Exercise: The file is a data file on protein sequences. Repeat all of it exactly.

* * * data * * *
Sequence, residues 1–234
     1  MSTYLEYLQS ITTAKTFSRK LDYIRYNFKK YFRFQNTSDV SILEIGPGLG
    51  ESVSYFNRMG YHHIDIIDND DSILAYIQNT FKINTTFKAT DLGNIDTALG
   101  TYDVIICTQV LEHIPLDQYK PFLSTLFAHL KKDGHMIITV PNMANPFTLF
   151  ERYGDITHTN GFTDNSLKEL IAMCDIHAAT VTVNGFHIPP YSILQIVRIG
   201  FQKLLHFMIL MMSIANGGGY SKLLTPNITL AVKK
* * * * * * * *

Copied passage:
Sequence, residues 1–234
     1  MSTYLEYLQS ITTAKTFSRK LDYIRYNFKK YFRFQNTSDV SILEIGPGLG
    51  ESVSYFNRMG YHHIDIIDND DSILAYIQNT FKINTTFKAT DLGNIDTALG
   101  TYDVIICTQV LEHIPLDQYK PFLSTLFAHL KKDGHMIITV PNMANPFTLF
   151  ERYGDITHTN GFTDNSLKEL IAMCDIHAAT VTVNGFHIPP YSILQIVRIG
   201  FQKLLHFMIL MMSIANGGGY SKLLTPNITL AVKK